Once and Future

Kevin Wilson is today probably best known for his work in board games, with over 100 design credits listed at boardgamegeek.com. Back in the 90s, though, he was a prominent member of the amateur Interactive Fiction community — in fact, he created the annual IFComp in 1995, which has since become an entrenched institution and one of the longest-running regular events in the world of game development. When he first started writing IF, he had grand plans. Adopting the company name Vertigo Software, he teased planned titles on Usenet: one about rationing oxygen in a space emergency, another about a blind person being stalked, another about rebellion against a future dystopia — all themes that have been tackled by IFComp entries, so in a way, he did bring these ideas to fruition. He never released them himself, though. Writing a full-sized game turned out to be a much larger task than he had anticipated, and the only projected Vertigo Software title to be completed was Once and Future (originally titled Avalon in these early announcements), a story of an American soldier in Vietnam transported to a realm of Arthurian magic on his death. Perhaps appropriately, it was one of the two titles to get a physical-media release from Mike Berlyn’s Cascade Mountain Publishing, another of the medium’s great bit-off-more-than-he-could-chew stories.

Today, you can get the game for free from the IF Archive, and indeed, that is the version I’m currently playing. But I did purchase the CD-ROM version back in the day, with its collection of printed feelies: various letters concerning Private Frank Leandro, his death, his relationships back home. These feelies are largely the reason I never played past the game’s intro: I felt like I should read the letters first, and a couple of them are in difficult handwriting — difficult enough to make me put it off for more than twenty years. I shouldn’t have bothered; the letters don’t really add anything to the experience, and seem like an afterthought. On top of that, once you’ve deciphered Frank’s scrawls, the game itself starts with an entire page of its own hard-to-read text: an account of Arthur’s final hours in archaic spelling, like “Take thou here Excalyber, my good swerde, and go wyth hit to yondir watirs syde”. I actually read all the way through Le Morte D’Arthur as a youth — cover to cover, even including the interminable tournament scenes — but the edition I read modernized the spelling, even as it kept the 15th-century grammar and vocabulary. I greatly prefer that approach for texts like this: it preserves the antique flavor without interfering excessively with comprehension.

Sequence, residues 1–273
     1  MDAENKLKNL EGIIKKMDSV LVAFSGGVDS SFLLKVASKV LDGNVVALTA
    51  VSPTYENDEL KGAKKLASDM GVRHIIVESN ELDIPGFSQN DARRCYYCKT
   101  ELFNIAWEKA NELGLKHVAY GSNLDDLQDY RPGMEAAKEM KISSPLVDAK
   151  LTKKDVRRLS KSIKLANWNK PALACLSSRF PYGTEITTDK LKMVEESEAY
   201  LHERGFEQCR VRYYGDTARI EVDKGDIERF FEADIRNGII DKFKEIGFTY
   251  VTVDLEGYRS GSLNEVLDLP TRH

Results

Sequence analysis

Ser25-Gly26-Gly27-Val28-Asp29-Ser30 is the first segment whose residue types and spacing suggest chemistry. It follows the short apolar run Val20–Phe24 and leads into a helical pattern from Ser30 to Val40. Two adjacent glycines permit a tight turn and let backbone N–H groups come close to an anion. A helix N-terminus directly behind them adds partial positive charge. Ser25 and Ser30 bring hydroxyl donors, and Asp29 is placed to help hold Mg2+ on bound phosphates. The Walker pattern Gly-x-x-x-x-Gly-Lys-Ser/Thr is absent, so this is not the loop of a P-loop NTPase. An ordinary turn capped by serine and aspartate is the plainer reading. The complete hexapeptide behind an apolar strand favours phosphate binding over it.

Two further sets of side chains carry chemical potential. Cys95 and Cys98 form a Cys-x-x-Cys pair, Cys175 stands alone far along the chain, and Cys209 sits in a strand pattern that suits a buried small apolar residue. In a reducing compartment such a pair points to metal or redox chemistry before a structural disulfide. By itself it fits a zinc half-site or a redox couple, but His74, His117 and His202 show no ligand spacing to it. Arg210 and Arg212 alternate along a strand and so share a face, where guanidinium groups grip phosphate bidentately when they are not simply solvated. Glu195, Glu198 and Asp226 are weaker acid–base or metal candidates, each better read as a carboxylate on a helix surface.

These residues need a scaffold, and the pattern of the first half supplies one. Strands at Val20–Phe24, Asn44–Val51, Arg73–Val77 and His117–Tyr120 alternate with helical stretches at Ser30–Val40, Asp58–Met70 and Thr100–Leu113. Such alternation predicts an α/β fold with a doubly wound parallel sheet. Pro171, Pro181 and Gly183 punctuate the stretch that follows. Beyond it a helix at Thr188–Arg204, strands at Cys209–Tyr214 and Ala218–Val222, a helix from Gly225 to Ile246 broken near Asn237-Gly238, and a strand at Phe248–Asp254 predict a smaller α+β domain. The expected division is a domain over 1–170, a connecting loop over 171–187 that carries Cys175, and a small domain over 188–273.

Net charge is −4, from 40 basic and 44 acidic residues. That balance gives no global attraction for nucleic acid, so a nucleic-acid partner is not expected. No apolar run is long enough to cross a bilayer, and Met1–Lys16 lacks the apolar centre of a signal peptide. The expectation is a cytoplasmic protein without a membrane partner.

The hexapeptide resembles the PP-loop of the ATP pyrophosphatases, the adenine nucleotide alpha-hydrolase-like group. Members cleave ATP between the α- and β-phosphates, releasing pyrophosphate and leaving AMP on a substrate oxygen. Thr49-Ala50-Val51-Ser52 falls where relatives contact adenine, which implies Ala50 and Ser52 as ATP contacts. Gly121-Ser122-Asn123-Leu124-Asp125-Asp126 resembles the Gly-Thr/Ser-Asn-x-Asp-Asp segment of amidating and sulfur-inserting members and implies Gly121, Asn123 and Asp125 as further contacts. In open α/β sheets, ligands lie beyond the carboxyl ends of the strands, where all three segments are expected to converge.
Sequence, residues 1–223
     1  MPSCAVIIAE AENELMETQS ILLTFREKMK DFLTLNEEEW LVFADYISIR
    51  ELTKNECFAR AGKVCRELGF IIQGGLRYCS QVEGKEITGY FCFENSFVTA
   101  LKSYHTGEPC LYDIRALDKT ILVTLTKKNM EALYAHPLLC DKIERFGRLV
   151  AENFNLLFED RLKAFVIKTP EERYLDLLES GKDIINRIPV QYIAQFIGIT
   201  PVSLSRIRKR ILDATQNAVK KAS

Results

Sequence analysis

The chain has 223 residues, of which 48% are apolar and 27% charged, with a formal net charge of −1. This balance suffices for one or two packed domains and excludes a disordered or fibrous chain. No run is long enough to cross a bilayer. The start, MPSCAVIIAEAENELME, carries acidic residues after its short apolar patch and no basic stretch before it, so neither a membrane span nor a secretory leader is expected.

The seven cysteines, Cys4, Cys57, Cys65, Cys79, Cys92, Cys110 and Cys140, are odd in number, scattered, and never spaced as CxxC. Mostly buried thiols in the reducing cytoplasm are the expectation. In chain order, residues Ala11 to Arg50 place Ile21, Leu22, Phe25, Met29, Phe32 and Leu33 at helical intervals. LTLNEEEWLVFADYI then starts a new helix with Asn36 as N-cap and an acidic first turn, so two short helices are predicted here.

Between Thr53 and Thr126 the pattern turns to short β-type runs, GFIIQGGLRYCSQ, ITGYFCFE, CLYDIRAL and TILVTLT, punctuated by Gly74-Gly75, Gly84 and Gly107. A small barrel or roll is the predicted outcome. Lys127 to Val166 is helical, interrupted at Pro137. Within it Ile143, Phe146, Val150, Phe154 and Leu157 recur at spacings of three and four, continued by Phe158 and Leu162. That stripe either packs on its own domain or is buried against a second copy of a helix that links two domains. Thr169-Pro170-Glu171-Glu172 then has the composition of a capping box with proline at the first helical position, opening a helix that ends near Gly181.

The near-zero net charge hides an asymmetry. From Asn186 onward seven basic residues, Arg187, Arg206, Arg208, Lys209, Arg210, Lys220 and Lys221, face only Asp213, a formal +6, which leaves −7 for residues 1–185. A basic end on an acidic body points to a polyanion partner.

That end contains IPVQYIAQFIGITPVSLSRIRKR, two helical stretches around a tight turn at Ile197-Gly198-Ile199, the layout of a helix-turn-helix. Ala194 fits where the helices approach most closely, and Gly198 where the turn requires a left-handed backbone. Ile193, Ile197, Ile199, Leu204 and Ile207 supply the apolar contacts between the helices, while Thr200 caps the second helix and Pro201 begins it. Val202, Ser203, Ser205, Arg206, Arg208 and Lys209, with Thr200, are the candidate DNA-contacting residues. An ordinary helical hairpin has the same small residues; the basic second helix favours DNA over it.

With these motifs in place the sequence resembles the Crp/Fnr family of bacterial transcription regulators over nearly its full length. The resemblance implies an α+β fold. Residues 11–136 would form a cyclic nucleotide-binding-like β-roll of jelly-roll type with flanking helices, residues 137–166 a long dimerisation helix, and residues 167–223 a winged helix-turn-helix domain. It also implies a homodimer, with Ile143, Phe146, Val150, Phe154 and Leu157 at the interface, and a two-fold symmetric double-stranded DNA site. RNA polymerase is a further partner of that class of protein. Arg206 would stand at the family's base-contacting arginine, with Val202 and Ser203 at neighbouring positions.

At any rate, Frank is currently still carrying out his initial reconnoiter of the isle of Avalon, which seems to be grid-based and sparse, like an old Sierra game. Here a fairy ring, there a unicorn, Mordred lounging about insulting you at one juncture. At the very beginning, you’re issued several quests: purify the Holy Grail and recover Excalibur and the sheath and belt that go with it. The whole situation is disconnected enough from Frank’s life that it makes me wonder why he was assigned one in the first place. Why a soldier in Vietnam? I trust the author enough to believe that an answer will be revealed eventually, but it’s obscure right now. Apart from a brief mention of his sweetheart back home, Frank’s character hasn’t been particularly reflected in the room and object descriptions. The only thing indicating that he isn’t a natural part of this setting is the army fatigues and dog tag in his inventory.

1 Comment so far

  1. malkav11 on 30 May 2021

    Oh wow. I had heard about Once and Future (though I never played it seriously myself) but never connected it or his IF work in general with the FFG designer.

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